By Tanya Harley
Sometimes things don’t work out. We all know this, but we never want it, or expect it, or have it in our plans to be part of our story.
My marriage didn’t work. Against all that I had wanted and planned, it wasn’t going to happen. I now find myself as a young mom, a single mother, writing a new story, an edit off my previous version. One that ends with me being okay.
I grew up in South Florida and David, my now ex-husband, in Orlando. We met online during high school – before meeting online was as talked about – but because of the distance, we had gone our own ways. Years later, we reconnected.
We were together for ten years, married for five.
Before having kids, we were planning to move from Florida to Texas for his job. I’m a nurse, so I knew I’d be okay wherever we landed. He went there for two months, and it turned out that it wasn’t a good fit.
In 2018, we had our daughter, my first time as a mom.
When I went for my 6-week check-in, I told my doctor that I was crying all the time. I was on edge and irritable. I felt sad – a sadness I hadn’t felt before. It wasn’t that I wanted to hurt myself or my daughter, but something was off. My doctor said it would be good for me to see a therapist, so I did. At that time, I wasn’t put on any medication.
What became glaringly obvious looking back is that neither of us, David or myself, were aware of just how bad things were for me. Or for us, in general.
We had morphed into what felt more like roommates.
It turns out that scenario, where someone flips out because the other person ate the last Oreo in the package, was more accurate than I ever realized. It turns out that the tip of the iceberg is really just that – the tip. There had been things along the way that we weren’t communicating on or agreeing on building beneath the surface.
He thought I made decisions without him. I never knew how he felt. This played in the background, a destructive cycle that mostly went unspoken.
David ended up getting a job up in Raleigh, so we uprooted our lives to be there. I love it here, but it’s hard not having that support system. We didn’t know anyone, and with a little baby, it was a lot.
I was also working long hours. It was putting a strain on our relationship, and I hated that I’d leave in the mornings while my daughter was sleeping and often come home to her already in bed.
In 2020, around Mother’s Day, it came to a head. The pandemic was in full effect, the world was shutting down, and we had no family nearby. There seemed to be more and more unspoken things that fueled our demise.
That summer, 2020, we started couples therapy. I really wanted to make it work. I had no idea some of the issues he was bringing up in therapy were issues at all. He had never said.
Unfortunately, by late September and into October, the sessions weren’t productive.
We were screaming at each other.
It just wasn’t working.
When Thanksgiving rolled around last year, we went back down to Florida to try and see family, but I wish we hadn’t gone. It was ugly. It had completely stopped being fun.
We came home, and he said he wanted a divorce.
I was devastated. I knew it wasn’t good. I knew it in my heart. But it hurt. I had put in so much effort. I was willing to put in more, but he didn’t want to be together, and that was that. It was best to separate for both of us and my daughter to have the best life moving forward.
Our families were upset and heartbroken, too—both his mom and my mom. No one ever wants this, but you move forward knowing you did what you could. What you thought was best.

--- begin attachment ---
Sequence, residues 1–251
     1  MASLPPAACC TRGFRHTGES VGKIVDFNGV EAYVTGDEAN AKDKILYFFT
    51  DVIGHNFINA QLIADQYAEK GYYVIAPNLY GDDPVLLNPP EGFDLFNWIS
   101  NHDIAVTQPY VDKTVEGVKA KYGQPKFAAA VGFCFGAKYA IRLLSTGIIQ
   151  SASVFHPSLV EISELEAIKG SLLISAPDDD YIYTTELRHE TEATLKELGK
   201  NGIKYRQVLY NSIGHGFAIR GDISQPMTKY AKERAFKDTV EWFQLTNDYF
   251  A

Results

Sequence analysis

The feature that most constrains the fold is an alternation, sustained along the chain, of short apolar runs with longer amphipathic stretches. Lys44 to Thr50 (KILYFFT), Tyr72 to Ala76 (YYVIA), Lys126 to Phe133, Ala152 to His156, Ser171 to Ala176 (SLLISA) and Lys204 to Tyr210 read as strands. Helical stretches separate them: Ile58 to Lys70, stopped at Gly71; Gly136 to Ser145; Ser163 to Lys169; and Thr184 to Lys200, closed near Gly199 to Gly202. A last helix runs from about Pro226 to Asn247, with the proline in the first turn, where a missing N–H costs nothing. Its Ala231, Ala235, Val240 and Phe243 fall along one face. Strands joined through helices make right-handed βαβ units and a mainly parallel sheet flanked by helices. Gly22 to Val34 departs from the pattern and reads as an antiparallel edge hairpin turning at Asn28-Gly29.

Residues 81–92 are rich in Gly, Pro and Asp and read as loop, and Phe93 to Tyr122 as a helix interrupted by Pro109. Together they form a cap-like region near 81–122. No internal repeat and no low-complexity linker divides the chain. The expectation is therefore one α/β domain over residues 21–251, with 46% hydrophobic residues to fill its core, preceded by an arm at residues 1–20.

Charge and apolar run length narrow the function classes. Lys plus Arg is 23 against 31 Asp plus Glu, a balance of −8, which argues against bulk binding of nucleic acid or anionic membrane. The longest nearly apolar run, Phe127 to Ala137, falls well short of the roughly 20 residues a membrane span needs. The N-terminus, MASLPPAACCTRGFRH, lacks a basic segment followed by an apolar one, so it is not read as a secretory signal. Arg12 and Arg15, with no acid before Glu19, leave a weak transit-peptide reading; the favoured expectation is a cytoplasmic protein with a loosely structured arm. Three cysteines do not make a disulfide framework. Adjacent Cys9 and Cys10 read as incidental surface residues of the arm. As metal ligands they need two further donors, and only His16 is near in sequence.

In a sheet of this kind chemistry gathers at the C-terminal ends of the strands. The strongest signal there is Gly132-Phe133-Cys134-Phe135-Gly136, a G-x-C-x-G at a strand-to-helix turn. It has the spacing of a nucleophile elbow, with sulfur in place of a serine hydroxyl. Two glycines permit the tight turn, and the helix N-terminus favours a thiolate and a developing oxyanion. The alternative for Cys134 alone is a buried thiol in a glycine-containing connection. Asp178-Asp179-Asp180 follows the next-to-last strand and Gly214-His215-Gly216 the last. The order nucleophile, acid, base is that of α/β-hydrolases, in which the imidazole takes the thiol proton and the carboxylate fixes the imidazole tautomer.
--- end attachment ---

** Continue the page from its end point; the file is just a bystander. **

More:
And he’s an incredible dad. He really is.
December 16, 2020, it was official.
When it was clear that we were getting divorced, I went back to my doctor. I was sad and upset, and I started to notice feeling off again. I was seeing signs of being depressed. And being a nurse, being hyper-aware, I remembered how I felt postpartum with anxiety and depression, and I wanted help.
This time around, I also got prescribed antidepressants.
I remember thinking – why would I not do this for myself.
For the first time, I feel like I’m taking care of myself. I’m doing things for me. And that feels good. As a mom, you forget to take care of yourself a lot.
I found this super cute tiny apartment – it’s kind of amazing. I’ve joined a craft beer girls community. I’ve just been really focused on doing more things that make me happy so I can be the best version of myself for my daughter.
Finally, prioritizing me.
I changed jobs, too, right before we got divorced. I’m an Endo nurse at an outpatient clinic. My hours are normal now, Monday through Friday. I love the people I work with, and I was actually recently promoted. It’s been a game-changer.
There’s a lot of ways I’m finding I can get out of my comfort zone. I joined a Facebook group for single parents in the Triangle (Raleigh, Durham, Chapel Hill). I’ve met some really cool people there. I even started working out with one of the other moms.
I’ve just learned to put myself out there to meet other moms like me. To make new friends and build my new life, to keep going even in the face of change, changes that I didn’t necessarily want at first.
And we’re doing pretty good with this whole co-parenting thing so far. Although it hurt me, I’m dealing with all of those feelings in the right ways, and it’s incredibly important to me to have a good relationship with him for my daughter.
It’s a little weird, but when we’re together, we’re still kind of like old roommates. He will cook dinner some nights, and we’ll have a beer. And then I’ll go home.
As for the future, I know there will be someone who will accept me for who I am when the time is right. For now, I’ll continue meeting new people, taking care of myself, and creating the best life for my daughter.
And I’ll never be afraid to ask for help.